- Two thirds of companies report a significant impact on their business.
- Two in three already invest in systems and technology to capture data.
- But half (49%) feel deterred from investing more.
Despite the financial impact experienced by many organisations during the pandemic, 9 in 10 companies across the UK, US and Canada now adopt ESG (Environmental, Social and Governance) considerations into their corporate strategy. Two thirds (67%) invest in systems and technology to obtain data and make progress measurable, according to new global research by Alcumus.
The trend is more pronounced among larger companies with 250 staff or more. Among those, 94% adopt ESG, and 71% have invested in systems and technology to capture data. While this is encouraging, half (49%) feel deterred from investing more into ESG. This is mainly due to a lack of technical understanding and guidance from regulators, named by 77% and 73% respectively.
David Picton, SVP of Sustainability at Alcumus says:
"These are still tough times, but companies are not just in survival mode, there is a clear focus on ‘building back better’ post-pandemic. Many are using the situation as a catalyst to revisit the viability of their business models and make changes to thrive in the future. Addressing ESG plays a key part in this, but to demonstrate long-term impact and change it is critical to have data and evidence.”
Among the 10% not currently incorporating ESG into their corporate strategy, two in five (43%) are looking to act within the next three years, and for good reason.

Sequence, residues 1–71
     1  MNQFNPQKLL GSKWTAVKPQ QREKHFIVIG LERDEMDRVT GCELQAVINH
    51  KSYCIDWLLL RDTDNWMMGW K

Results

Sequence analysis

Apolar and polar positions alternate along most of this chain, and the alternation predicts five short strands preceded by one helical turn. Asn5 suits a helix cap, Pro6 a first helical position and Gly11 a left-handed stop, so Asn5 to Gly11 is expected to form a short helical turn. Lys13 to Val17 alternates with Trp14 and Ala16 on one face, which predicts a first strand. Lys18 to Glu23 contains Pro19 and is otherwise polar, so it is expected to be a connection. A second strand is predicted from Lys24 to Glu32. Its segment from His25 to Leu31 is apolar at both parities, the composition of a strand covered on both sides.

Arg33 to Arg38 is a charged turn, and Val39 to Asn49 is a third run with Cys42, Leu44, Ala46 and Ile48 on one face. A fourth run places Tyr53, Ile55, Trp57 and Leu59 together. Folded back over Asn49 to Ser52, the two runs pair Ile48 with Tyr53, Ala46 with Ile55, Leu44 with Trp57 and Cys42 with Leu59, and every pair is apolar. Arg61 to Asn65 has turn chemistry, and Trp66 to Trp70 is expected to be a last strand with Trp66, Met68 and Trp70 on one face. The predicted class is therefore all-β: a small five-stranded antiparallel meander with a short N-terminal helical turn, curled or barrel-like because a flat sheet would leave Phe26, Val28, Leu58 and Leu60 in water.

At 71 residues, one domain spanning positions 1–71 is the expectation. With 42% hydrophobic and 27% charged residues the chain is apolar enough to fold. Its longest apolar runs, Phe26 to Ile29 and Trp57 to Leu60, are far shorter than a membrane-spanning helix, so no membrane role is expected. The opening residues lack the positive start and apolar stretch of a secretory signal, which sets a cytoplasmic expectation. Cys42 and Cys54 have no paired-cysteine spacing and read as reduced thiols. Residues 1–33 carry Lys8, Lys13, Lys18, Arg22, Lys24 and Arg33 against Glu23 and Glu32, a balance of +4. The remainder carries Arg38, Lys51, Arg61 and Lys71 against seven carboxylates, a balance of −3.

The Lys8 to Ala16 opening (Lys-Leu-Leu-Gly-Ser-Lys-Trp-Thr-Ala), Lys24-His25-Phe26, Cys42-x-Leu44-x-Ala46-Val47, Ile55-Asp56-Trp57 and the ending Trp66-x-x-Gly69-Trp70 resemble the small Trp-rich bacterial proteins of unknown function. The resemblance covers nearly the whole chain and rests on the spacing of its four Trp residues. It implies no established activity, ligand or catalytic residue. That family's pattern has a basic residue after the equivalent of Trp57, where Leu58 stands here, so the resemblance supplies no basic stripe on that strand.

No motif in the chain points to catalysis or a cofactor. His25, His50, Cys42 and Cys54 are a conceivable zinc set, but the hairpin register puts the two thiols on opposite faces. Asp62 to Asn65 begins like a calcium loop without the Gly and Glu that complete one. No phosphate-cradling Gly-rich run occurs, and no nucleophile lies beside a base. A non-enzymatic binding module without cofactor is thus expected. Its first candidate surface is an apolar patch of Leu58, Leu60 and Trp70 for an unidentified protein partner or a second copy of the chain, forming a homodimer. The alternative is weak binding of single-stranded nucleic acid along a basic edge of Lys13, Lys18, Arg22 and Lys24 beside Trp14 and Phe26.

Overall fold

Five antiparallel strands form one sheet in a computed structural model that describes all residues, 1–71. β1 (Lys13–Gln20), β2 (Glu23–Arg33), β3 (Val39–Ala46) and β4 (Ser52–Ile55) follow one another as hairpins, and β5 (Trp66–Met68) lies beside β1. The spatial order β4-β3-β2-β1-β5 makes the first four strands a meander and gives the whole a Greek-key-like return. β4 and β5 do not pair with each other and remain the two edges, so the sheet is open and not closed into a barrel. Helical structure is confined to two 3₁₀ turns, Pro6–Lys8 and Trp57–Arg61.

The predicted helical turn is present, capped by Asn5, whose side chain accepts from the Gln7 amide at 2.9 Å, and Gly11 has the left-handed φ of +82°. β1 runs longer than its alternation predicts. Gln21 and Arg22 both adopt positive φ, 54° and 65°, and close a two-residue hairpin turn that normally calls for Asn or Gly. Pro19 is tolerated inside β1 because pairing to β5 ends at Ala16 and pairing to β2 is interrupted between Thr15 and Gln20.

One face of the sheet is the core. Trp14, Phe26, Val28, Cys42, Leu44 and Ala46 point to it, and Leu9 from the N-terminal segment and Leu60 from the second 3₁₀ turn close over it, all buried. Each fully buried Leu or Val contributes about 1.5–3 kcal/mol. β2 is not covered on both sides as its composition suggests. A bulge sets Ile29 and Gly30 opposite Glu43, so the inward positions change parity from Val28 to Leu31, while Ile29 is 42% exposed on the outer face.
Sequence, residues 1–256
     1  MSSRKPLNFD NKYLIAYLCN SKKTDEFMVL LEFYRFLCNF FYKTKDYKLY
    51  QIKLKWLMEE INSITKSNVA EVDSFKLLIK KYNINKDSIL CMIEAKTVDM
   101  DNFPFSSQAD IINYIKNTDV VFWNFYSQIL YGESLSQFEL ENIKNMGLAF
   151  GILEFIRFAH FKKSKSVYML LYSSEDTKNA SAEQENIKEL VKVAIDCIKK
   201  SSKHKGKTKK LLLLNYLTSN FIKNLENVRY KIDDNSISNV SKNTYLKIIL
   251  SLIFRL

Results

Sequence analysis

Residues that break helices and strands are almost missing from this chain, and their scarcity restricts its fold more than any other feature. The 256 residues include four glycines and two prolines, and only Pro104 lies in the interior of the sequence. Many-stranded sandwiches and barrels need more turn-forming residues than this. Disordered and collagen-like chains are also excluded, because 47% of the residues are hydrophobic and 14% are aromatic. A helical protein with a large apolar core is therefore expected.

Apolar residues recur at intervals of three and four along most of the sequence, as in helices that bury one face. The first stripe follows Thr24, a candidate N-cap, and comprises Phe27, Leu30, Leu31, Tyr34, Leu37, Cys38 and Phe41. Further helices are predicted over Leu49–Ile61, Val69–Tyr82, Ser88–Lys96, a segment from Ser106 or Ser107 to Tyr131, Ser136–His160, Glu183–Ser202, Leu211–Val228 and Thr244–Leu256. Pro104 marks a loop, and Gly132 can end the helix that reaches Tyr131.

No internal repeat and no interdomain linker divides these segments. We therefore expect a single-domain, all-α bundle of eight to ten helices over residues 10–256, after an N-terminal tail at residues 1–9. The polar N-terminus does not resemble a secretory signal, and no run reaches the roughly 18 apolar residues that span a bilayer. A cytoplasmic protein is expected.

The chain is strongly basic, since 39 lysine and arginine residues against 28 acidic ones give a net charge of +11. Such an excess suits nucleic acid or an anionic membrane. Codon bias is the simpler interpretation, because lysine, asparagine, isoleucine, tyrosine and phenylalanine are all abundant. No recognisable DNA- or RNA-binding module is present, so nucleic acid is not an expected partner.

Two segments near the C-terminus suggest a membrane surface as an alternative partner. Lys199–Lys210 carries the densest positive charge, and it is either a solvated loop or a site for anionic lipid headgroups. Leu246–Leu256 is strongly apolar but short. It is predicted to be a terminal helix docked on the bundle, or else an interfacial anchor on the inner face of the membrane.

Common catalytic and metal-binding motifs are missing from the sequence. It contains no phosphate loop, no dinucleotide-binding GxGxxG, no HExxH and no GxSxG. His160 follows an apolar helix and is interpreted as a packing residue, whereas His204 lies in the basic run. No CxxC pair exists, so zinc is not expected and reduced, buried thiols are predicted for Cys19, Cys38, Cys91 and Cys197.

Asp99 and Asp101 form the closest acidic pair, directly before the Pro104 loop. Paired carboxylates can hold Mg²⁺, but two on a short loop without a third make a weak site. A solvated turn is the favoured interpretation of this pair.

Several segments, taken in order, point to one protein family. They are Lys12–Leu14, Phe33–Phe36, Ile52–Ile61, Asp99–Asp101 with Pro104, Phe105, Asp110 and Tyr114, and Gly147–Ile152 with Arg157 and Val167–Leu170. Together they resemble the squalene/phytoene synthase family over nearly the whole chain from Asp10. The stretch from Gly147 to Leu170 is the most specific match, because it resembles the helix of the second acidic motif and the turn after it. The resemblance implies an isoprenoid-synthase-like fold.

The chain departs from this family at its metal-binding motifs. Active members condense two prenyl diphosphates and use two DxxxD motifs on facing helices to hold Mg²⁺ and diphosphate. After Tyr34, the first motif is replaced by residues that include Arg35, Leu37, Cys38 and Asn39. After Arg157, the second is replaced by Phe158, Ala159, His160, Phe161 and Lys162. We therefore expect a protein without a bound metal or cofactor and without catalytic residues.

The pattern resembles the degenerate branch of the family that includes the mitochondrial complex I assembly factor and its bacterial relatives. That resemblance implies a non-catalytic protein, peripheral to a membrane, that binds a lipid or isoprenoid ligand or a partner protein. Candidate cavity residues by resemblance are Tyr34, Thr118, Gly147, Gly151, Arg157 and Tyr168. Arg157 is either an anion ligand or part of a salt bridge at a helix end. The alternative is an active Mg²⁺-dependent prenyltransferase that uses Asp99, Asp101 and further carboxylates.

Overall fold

ESG impact is driving action, but challenges remain
The impact of ESG on companies surveyed is significant. Two in three (65%) report a large or very large impact, rising to three in four (73%) among larger businesses with over 250 employees. The majority (67%) expect this to increase in the years to come.
It is therefore not surprising that many companies have structured systems in place already to assess the three elements of ESG. Over half of respondents (53%, rising to 57% among larger firms) do and, of those who don’t, two thirds (66%) plan to introduce one. What’s particularly encouraging to see is that one in five respondents (21%) have even established science-based targets (SBTs), and equal amounts have decided not to bid for work on ESG grounds.
But despite systems and measurement in place, challenges remain. Across the board, the most significant challenges named by companies when it comes to ESG reporting are the increase of hybrid working, accessing data across the organisation and supply chain, and a lack of necessary tools and technology, named by 45%, 43%, 38% and 29% of respondents respectively. As a result, a data gap remains.
David Picton, SVP of Sustainability at Alcumus, says:
“Organisations are realising that without meaningful ESG standards they will struggle to attract customers, investors or employees in the future. ESG adoption is clearly now an irreversible global trend, but data will make all the difference to the credibility and authenticity of ESG reporting. Companies recognise this and as an industry we must work with them to make it happen.”
“At Alcumus we are leading the way with ESG data visibility, quality, transparency and the integration to operational processes. Our new management and analytics platform tracks 11 key ESG aspects, including Modern Slavery, Carbon, Waste, Anti-Bribery and Social Value – it’s the first of its kind to link material ESG factors such as these together into a single platform, aligned to international best practice to help larger companies to get better and smaller ones to get started.”
 Online survey with a sample of 621 businesses (207 in each of US, Canada and UK) conducted between 28 September and 11 October 2021 among senior managers working a role which demands knowledge of ESG or Sustainability requirements or processes for the business.